[ ]:
python_analysis_class = PyinstrumentAnalysis if use_pyinstrument else cProfileAnalysis
python_analysis = python_analysis_class(
    local_profile_dir=python_stats_dir, s3_path=tj.profiler_s3_output_path
)
step_stats_df = python_analysis.list_profile_stats()
step_stats_df.head()

The following fetch_pre_step_zero_profile_stats function of the python_analysis object retrieves profiled data from the pre-step (denoted as start_step -1 in the output data).

[ ]:
stats = python_analysis.fetch_pre_step_zero_profile_stats()
display_python_profile_stats(stats)

3.2 Training loop

This phase of the training job is time spent solely on training. It includes the data loading process, forward and backward pass, and synchronization.

Utilization histograms

MetricHistogram computes a histogram on GPU and CPU utilization values. Bins are between 0 and 100. Good system utilization means that the center of the distribtuon should be between 80 to 90.

The following cell will plot the histograms per metric. In order to only plot specific metrics define the list select_dimensions and select_events. A dimension can be CPUUtilization, GPUUtilization, GPUMemoryUtilization, and IOPS (IO per second). If no event is specified, CPU uiltization histograms for each single core and total cpu usage will be plotted. In case of GPU, it will visualize utilization and memory for each GPU. In case of IOPS, it will plot IO wait time per cpu. If select_events is specified, only those metrics that match the name in select_metrics will be shown. If neither select_dimensions nor select_events are specified, all available metrics will be visualized.

[ ]:
from smdebug.profiler.analysis.notebook_utils.metrics_histogram import MetricsHistogram

system_metrics_reader = tj.get_systems_metrics_reader()
system_metrics_reader.refresh_event_file_list()

metrics_histogram = MetricsHistogram(system_metrics_reader)
metrics_histogram.plot(
    starttime=0,
    endtime=system_metrics_reader.get_timestamp_of_latest_available_file(),
    select_dimensions=["CPU", "GPU"],
    # select_events=["total"]
)

Step durations over time

SageMaker Debugger records the durations of each step, which is the time spent in one forward and backward pass. The following code cell plots step durations (y-axis) over training job duration (x-axis). Typically it’s expected that the step durations should be similar across the training run. Signficant step duration outliers indicate that there might be bottleneck issues related to those steps. StepTimelineChart helps to identify if such outliers happen in regular intervals.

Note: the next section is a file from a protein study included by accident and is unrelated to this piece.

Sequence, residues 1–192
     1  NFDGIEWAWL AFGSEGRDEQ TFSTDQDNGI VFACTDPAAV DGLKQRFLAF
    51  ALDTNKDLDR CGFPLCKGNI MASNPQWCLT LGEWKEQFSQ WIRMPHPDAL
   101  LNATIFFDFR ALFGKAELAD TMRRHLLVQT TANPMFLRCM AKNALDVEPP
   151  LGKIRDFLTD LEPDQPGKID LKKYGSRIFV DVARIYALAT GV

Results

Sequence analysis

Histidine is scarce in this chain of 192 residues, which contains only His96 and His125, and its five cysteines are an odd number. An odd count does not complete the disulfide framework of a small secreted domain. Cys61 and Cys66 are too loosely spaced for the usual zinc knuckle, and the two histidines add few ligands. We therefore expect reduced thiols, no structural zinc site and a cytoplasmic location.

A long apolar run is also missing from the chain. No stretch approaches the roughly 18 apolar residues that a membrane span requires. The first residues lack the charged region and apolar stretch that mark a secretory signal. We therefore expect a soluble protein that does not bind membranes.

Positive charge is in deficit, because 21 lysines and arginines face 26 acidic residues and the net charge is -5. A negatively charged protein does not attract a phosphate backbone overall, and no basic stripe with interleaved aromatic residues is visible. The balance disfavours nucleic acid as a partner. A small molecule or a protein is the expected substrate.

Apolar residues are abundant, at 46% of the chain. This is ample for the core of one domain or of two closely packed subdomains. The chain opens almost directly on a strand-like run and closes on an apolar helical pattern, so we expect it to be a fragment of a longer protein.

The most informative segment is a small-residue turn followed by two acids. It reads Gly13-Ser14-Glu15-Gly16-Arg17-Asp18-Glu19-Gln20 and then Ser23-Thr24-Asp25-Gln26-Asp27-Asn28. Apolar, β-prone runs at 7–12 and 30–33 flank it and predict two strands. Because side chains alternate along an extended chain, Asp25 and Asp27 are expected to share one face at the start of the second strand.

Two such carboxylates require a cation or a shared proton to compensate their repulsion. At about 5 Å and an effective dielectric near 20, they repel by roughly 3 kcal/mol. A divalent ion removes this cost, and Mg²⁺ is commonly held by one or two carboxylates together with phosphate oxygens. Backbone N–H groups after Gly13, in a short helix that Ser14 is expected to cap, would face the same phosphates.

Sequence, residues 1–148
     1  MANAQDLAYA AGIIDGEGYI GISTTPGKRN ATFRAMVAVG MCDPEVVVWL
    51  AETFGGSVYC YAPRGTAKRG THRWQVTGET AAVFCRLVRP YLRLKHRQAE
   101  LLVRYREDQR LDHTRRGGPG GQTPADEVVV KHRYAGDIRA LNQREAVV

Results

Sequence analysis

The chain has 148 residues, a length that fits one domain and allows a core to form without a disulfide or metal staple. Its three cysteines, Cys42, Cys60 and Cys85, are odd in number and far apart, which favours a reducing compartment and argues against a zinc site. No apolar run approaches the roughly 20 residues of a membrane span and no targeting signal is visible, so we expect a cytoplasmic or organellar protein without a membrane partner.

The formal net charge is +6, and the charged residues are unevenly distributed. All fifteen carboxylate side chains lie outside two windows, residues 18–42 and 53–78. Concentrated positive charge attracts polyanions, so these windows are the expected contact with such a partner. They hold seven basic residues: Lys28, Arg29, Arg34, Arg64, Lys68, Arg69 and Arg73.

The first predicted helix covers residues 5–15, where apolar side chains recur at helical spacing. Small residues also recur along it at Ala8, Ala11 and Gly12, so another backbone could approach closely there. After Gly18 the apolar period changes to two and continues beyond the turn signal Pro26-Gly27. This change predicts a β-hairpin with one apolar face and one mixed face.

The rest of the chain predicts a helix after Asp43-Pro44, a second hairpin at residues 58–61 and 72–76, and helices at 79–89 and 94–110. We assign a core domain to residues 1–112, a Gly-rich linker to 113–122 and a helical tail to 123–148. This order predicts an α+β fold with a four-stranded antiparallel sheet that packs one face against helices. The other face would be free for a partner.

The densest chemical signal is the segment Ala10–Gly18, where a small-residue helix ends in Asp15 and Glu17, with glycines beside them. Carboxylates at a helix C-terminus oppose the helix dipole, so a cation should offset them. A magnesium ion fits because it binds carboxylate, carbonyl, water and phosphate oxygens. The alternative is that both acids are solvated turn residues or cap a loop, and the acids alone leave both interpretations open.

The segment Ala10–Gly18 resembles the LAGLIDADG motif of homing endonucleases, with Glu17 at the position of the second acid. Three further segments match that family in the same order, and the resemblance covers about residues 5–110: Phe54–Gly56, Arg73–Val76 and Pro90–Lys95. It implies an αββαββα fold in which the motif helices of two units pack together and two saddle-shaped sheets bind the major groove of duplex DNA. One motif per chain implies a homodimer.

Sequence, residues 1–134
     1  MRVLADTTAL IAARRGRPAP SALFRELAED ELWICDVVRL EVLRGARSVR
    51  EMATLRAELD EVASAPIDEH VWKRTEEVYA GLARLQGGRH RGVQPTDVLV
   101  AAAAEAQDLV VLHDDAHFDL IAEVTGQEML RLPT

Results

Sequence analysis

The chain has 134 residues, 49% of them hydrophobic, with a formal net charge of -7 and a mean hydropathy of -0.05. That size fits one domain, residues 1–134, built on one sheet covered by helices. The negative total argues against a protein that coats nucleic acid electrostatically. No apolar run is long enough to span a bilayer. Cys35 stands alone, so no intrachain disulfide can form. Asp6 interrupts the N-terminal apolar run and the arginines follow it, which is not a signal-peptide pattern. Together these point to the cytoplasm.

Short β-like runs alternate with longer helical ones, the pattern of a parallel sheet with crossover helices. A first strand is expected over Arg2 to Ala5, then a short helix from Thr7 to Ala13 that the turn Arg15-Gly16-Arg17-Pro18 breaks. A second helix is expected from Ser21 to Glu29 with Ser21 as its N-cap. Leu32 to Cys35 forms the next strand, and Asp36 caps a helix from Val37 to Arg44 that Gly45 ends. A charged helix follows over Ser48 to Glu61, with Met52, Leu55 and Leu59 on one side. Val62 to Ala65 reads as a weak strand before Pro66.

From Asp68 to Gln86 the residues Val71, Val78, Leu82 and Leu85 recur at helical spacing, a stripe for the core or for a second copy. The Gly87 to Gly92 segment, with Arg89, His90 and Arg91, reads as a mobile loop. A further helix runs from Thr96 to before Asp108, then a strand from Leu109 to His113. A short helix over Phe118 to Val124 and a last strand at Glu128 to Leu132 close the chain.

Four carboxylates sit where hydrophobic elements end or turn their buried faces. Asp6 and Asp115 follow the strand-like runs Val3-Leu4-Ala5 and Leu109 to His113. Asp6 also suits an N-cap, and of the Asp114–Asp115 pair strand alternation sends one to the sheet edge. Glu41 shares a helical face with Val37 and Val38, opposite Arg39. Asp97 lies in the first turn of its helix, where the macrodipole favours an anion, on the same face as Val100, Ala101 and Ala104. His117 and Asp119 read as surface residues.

[ ]:
import time
from smdebug.profiler.analysis.notebook_utils.step_timeline_chart import StepTimelineChart

tj.wait_for_sys_profiling_data_to_be_available()
tj.wait_for_framework_profiling_data_to_be_available()

time.sleep(30)

framework_metrics_reader = tj.get_framework_metrics_reader()
framework_metrics_reader.refresh_event_file_list()

time.sleep(30)

view_step_timeline_chart = StepTimelineChart(framework_metrics_reader)

Python profiling

Let’s now look at the python profiling stats for functions that were called during the first step profiled. From the Python profiling configuration JSON of your training job, call the start step of profiled data from the training loop.

[ ]:
python_profiling_config_tj["StartStep"]

Display a list of Python operators executed during the profiled step.

[ ]:
if python_profiling_config_tj == {}:
    step = 9
else:
    step = int(python_profiling_config_tj["StartStep"])
phase = StepPhase.STEP_START
mode = PythonProfileModes.TRAIN
python_step_stats = python_analysis.fetch_profile_stats_by_step(
    start_step=step, end_step=step + 1, start_phase=phase, end_phase=phase, mode=mode
)
display_python_profile_stats(python_step_stats)

If detailed profiling was enabled and cProfile was used as the Python profiler, we can also just look at the stats for the training loop as a whole.